Laron syndrome

What causes Laron syndrome?

Laron syndrome is caused by changes (mutations) in the GHR gene. This gene encodes growth hormone receptor, which is a protein found on the outer membrane of cells throughout the body. Growth hormone receptor is designed to recognize and bind growth hormone, which triggers cellular growth and division. When growth hormone is bound to the growth hormone receptors on liver cells, specifically, insulin-like growth factor I (another important growth-promoting hormone) is produced. Mutations in GHR impair the function of growth hormone receptors which interferes with their ability to bind growth hormone. This disrupts normal growth and development of cells and prevents the production of insulin- like growth factor I which causes the many signs and symptoms of Laron syndrome.

Last updated on 05-01-20

How is Laron syndrome diagnosed?

A diagnosis of Laron syndrome is often suspected based on the presence of characteristic signs and symptoms. Additional testing can then be ordered to confirm the diagnosis and rule out other conditions that cause similar features. This generally includes blood tests to measure the levels of certain hormones that are often abnormal in people with Laron syndrome. For example, affected people may have elevated levels of growth hormone and reduced levels of insulin-like growth factor I. Genetic testing for changes (mutations) in the GHR gene can also be used to confirm a diagnosis in some cases.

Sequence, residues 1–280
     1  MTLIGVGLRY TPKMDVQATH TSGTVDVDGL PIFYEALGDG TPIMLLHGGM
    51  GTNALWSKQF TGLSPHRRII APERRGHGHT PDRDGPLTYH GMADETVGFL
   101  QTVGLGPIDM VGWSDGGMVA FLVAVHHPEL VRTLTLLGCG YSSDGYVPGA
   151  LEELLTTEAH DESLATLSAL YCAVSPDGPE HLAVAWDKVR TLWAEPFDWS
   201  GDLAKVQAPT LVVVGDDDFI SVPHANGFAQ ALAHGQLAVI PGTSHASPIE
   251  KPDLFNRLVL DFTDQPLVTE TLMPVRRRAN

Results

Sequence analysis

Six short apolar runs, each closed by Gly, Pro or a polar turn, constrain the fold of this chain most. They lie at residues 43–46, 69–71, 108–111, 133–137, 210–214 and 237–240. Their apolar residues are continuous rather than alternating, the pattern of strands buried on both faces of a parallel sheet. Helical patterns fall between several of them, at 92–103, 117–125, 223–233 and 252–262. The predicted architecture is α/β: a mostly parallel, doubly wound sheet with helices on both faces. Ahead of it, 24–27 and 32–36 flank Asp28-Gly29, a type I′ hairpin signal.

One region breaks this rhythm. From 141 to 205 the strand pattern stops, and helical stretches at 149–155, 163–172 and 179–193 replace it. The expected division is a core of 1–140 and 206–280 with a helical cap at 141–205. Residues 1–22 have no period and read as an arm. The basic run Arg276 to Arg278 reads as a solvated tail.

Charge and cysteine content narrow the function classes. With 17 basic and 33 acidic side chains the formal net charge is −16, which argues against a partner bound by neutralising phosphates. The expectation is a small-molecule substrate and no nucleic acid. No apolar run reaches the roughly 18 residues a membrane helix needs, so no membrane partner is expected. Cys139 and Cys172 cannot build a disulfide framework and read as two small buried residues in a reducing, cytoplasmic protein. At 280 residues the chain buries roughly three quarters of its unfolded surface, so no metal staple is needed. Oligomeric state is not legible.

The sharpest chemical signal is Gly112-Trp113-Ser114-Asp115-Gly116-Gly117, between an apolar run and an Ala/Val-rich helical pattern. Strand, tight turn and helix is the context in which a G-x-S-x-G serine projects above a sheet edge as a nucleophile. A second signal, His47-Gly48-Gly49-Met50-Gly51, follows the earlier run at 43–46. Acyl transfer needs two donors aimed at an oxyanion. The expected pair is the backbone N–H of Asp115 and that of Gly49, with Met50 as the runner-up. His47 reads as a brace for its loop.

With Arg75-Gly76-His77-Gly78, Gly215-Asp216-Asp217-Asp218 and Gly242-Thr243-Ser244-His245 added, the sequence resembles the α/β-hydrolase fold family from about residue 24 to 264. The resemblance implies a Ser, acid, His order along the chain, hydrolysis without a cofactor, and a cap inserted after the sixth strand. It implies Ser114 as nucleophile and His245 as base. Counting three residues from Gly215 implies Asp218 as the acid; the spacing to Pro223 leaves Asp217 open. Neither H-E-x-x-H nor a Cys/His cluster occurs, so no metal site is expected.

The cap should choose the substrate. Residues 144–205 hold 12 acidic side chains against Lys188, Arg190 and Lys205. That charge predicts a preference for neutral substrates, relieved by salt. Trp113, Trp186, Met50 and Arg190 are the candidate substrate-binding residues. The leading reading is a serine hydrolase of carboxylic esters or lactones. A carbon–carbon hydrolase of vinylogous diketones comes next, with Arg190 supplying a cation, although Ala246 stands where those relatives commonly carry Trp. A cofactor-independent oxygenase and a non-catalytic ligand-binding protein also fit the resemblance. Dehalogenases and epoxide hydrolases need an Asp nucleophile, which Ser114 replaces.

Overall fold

Last updated on 05-01-20

Is Laron syndrome inherited?

Most cases of Laron syndrome are inherited in an autosomal recessive manner. This means that to be affected, a person must have a mutation in both copies of the responsible gene in each cell. The parents of an affected person usually each carry one mutated copy of the gene and are referred to as carriers. Carriers typically do not show signs or symptoms of the condition. When two carriers of an autosomal recessive condition have children, each child has a 25% (1 in 4) risk to have the condition, a 50% (1 in 2) risk to be a carrier like each of the parents, and a 25% chance to not have the condition and not be a carrier.

Reports exist of rare families in which Laron syndrome appears to be inherited in an autosomal dominant manner. In these cases, a person only needs a change (mutation) in one copy of the responsible gene in each cell. In some cases, an affected person inherits the mutation from an affected parent. Other cases may result from new (de novo) mutations in the gene. These cases occur in people with no history of the disorder in their family. An affected person has a 50% chance with each pregnancy of passing along the altered gene to his or her child.

Last updated on 05-01-20

What is the long-term outlook for people with Laron syndrome?

The long-term outlook (prognosis) for people with Laron syndrome is generally good. The condition does not appear to affect lifespan and is associated with a reduced risk of cancer and type 2 diabetes.

Last updated on 05-01-20

How might Laron syndrome be treated?

There is currently no cure for Laron syndrome. Treatment is primarily focused on improving growth. The only specific treatment available for this condition is subcutaneous injections of insulin-like growth factor 1 (a growth-promoting hormone), often called IGF-1. IGF-1 stimulates linear growth (height) and also improves brain growth and metabolic abnormalities caused by long-term IGF-1 deficiency. It has also been shown to raise blood glucose levels, reduce cholesterol, and increase muscle growth. IGF-1 and GH levels should be closely monitored in people undergoing this treatment because overdosage of IGF-I causes a variety of health problems.

Last updated on 05-01-20

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